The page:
I have been wanting to read a book by Susan May Warren this whole year. Just recently, I set my hands on a copy of Duchess, the third book in a series called Daughters of Fortune.
As local chapter president of Poky Readers Anonymous, I was cast out of office after sailing through this delightful historical read in less than three days.
I've always been intrigued by any historical series that follows the daughters. Typically each generation has a book devoted to the current daughter. We, the readers, get to step back in time then walk forward witnessing the changing political and economic influences of history while being captivated by a wonderful story..
Duchess opens shortly before the great stock market crash in October of 1929. Rosie Worth dreams of becoming a famous movie star. Standing in the right place at the right time, she finds herself an instant starlet playing roles on the silver screen. Her new career also gives her a name change: Roxie Price.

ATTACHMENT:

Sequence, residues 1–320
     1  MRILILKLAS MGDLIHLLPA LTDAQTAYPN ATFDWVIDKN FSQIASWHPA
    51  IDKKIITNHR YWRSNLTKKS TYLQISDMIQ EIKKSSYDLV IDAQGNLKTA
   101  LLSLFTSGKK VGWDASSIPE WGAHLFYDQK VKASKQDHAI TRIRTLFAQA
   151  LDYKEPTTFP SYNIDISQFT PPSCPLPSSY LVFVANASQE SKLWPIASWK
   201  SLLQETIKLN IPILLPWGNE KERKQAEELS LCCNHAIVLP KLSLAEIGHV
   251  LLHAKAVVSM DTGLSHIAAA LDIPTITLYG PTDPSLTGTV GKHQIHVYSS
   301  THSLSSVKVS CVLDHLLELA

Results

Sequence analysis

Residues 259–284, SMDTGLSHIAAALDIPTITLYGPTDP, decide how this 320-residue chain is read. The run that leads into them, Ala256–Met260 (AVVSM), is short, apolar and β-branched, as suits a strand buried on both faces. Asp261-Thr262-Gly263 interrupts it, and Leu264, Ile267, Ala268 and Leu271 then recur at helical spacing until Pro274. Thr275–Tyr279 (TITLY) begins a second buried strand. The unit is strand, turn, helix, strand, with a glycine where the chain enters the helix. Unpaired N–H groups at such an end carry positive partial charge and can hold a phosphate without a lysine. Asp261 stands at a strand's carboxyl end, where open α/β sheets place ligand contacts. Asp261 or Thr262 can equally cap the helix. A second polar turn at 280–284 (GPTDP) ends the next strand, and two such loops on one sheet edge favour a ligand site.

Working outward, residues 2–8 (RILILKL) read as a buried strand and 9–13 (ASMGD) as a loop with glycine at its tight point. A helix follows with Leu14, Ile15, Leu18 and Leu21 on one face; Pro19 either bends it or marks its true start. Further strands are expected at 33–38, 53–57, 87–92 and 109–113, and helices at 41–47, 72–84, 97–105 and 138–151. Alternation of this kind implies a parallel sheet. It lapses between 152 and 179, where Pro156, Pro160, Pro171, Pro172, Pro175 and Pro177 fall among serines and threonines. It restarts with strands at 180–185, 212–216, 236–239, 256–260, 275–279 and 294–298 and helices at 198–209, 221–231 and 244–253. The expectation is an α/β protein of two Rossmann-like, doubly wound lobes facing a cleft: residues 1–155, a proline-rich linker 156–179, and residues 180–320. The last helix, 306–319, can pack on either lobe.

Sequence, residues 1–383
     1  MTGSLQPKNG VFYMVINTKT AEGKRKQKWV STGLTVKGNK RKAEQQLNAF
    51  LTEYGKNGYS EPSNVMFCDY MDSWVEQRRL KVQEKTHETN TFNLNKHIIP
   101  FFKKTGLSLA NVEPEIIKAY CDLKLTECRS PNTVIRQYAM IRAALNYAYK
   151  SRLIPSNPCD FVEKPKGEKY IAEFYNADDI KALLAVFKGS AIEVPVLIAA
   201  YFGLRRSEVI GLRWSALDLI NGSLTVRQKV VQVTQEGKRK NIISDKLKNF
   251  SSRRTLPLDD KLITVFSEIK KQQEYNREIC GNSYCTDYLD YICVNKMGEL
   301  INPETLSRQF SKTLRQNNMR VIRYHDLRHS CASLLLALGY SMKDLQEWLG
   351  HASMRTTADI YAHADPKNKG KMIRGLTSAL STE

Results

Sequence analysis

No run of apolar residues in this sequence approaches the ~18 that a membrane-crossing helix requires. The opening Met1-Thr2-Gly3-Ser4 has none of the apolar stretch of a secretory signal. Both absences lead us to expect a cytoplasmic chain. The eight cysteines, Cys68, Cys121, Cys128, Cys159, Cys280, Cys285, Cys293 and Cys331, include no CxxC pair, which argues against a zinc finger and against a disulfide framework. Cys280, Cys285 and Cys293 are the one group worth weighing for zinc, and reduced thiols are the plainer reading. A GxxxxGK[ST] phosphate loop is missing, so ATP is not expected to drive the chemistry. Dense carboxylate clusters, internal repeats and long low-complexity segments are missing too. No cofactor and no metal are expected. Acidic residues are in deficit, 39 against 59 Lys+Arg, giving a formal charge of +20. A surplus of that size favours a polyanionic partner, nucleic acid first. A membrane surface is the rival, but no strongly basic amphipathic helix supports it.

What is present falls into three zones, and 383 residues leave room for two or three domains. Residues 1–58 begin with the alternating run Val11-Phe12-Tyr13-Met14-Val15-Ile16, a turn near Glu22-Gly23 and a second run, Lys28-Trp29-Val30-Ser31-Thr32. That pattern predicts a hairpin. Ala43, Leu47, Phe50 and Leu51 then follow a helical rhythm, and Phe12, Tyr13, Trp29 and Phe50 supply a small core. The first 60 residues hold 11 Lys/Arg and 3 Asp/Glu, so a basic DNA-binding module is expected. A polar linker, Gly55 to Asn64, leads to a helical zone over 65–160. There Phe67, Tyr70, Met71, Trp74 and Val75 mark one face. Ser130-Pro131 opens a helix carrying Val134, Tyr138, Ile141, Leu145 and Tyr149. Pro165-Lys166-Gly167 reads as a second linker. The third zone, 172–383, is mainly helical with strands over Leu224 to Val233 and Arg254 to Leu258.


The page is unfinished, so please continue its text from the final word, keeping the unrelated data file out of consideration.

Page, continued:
Fans crowd around Roxie every time she stepps into public. Cameras snap her photo. Everyone loves the glamorous Roxie except her husband, the studio owner. He only married her to keep the business afloat. But no one, not even Roxie can save their film company from the debts he racked up when Black Friday dawns. The same day her not-so-devoted husband takes the easy way out.
Alone and penniless, Roxy claws her way to resurrect her dreams. Mistakes and wrong turns plague her until the day Rolfe Van Horne, duke of Belgium walks back into her life. The young love she once had for him died, but his new movie plans leads her to believe she can step out of the muck of a falling star and become an international name.
Excited to return to fame, Roxie follows Rolfe to Europe to begin filming, unaware that his film idea held deep secrets and life threatening dangers.
If you recall events from this period of time from school, you will be intrigued with the in-depth research Warren compiled. Facts are woven seamlessly through the story painting a very real telling of Roxie's life during the stock market crash, and the unrest in Europe.
I am one of those readers who prefers to learn or revisit facts from a story. Fiction writers must painstakingly check all their facts and present it in such a way to not sound like a textbook. The responsibility is greater for a fiction author, I think, than for a non fiction author.
….and it's a fun way to learn.
Your turn: Join my cause.
Name something you learned while reading a fiction book
Have you read one of Susan May Warren's books?